Event Centrality: Debunking the “Bad Science” Myth That Self-reported Posttraumatic Growth Does Not Reflect Positive Change

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Despite strong evidence supporting the existence of posttraumatic growth (PTG), some investigators question whether the construct measured by the Posttraumatic Growth Inventory (PTGI) is that of perceived growth or “actual” growth. In a replication of a recent investigation, the present study sought to refine the methodology used by employing the construct of event centrality. Due to its limited sample size, the results of this analysis did not provide strong evidence in support of the hypothesis that limiting analyses to individuals rating their trauma as high in event centrality improves the ability of the PTGI to reflect “actual” growth. However, results ... continued below

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Johnson, Stephanie Feil August 2012.

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  • Johnson, Stephanie Feil

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Despite strong evidence supporting the existence of posttraumatic growth (PTG), some investigators question whether the construct measured by the Posttraumatic Growth Inventory (PTGI) is that of perceived growth or “actual” growth. In a replication of a recent investigation, the present study sought to refine the methodology used by employing the construct of event centrality. Due to its limited sample size, the results of this analysis did not provide strong evidence in support of the hypothesis that limiting analyses to individuals rating their trauma as high in event centrality improves the ability of the PTGI to reflect “actual” growth. However, results did support the idea that investigations of PTG conducted immediately following a trauma may be more reflective of a coping process, rather than growth. Further research is warranted to investigate the role of event centrality in posttraumatic growth, and the effect of time on the progression of growth following trauma.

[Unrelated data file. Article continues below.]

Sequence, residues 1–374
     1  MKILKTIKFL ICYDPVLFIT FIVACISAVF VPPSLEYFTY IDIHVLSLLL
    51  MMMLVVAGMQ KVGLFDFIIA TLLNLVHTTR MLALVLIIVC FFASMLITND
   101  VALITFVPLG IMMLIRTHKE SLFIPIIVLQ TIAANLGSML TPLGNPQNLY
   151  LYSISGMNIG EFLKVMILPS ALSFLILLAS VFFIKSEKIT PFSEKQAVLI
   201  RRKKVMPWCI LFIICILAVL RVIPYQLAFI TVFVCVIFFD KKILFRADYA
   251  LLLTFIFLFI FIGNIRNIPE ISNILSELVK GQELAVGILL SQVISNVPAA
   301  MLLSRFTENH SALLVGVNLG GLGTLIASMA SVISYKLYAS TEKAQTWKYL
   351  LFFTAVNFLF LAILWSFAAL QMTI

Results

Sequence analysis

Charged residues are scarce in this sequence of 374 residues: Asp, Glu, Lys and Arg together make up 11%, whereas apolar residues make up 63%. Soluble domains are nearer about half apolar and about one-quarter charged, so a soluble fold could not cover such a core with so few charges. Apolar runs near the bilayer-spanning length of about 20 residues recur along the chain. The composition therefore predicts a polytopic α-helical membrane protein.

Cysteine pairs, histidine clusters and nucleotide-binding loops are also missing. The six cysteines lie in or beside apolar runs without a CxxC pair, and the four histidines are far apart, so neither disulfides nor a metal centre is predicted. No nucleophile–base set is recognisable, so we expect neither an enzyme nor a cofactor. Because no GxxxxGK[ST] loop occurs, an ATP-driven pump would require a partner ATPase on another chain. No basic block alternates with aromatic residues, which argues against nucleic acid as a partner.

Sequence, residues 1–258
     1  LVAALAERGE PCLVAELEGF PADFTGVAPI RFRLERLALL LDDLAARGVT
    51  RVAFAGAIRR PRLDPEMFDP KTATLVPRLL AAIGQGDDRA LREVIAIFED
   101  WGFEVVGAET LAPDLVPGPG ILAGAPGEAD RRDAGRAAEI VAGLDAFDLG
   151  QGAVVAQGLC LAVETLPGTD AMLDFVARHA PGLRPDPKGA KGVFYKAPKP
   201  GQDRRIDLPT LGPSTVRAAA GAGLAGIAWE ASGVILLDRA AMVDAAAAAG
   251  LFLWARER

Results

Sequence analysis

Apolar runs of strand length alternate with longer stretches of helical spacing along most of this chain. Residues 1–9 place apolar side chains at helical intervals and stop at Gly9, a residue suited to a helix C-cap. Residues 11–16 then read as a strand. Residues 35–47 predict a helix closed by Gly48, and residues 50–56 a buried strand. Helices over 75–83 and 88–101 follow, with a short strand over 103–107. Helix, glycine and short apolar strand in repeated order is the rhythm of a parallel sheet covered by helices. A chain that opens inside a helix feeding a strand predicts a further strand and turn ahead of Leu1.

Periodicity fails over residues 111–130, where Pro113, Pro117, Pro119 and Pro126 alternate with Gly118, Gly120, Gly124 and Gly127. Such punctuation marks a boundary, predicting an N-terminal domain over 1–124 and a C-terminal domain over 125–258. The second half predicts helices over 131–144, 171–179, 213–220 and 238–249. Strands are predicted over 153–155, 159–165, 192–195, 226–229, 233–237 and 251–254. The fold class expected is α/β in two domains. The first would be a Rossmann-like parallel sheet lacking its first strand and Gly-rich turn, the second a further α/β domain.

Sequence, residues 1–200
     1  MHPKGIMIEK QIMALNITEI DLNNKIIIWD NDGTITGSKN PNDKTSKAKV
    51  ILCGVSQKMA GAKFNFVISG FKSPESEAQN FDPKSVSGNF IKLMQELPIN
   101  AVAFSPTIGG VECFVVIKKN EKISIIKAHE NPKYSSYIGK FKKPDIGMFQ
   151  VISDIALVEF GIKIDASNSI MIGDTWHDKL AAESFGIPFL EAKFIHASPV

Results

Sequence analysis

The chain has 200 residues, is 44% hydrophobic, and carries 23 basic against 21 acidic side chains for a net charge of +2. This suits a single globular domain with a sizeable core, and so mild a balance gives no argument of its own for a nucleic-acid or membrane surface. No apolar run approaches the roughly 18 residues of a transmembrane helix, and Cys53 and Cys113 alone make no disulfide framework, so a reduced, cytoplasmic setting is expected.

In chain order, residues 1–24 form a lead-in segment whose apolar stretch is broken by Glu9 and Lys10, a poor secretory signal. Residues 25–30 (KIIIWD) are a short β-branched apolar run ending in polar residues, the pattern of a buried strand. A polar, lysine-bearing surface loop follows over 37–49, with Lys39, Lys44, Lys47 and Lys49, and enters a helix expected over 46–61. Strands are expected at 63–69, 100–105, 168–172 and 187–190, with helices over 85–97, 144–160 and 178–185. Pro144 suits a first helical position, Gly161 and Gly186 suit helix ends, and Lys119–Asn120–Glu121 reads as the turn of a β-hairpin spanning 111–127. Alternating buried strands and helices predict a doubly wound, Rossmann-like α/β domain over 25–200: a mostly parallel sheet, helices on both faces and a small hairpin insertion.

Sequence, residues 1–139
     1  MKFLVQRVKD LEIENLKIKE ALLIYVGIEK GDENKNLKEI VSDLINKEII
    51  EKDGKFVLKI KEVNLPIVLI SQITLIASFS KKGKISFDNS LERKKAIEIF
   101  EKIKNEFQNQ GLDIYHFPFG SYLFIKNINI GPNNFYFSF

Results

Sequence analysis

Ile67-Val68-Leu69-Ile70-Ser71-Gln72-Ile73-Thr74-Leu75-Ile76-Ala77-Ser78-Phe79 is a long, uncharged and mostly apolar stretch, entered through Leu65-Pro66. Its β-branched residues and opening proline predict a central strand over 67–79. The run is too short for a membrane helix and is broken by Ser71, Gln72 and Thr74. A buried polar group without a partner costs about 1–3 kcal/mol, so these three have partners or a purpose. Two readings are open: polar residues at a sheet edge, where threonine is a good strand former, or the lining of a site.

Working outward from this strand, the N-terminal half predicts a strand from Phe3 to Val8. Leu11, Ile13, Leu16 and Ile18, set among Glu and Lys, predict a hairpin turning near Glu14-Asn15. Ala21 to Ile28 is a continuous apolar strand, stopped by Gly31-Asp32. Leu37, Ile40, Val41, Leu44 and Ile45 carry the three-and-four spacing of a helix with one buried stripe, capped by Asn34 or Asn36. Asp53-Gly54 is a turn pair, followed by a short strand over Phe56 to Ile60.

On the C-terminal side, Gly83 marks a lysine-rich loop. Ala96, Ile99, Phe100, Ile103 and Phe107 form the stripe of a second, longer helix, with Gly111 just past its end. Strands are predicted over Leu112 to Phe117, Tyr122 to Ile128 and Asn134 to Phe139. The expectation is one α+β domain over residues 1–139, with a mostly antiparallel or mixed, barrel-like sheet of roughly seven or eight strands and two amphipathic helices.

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  • August 2012

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  • March 4, 2013, 2:02 p.m.

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  • Nov. 28, 2017, 7:24 p.m.

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Johnson, Stephanie Feil. Event Centrality: Debunking the “Bad Science” Myth That Self-reported Posttraumatic Growth Does Not Reflect Positive Change, thesis, August 2012; Denton, Texas. (digital.library.unt.edu/ark:/67531/metadc149614/: accessed November 12, 2018), University of North Texas Libraries, Digital Library, digital.library.unt.edu; .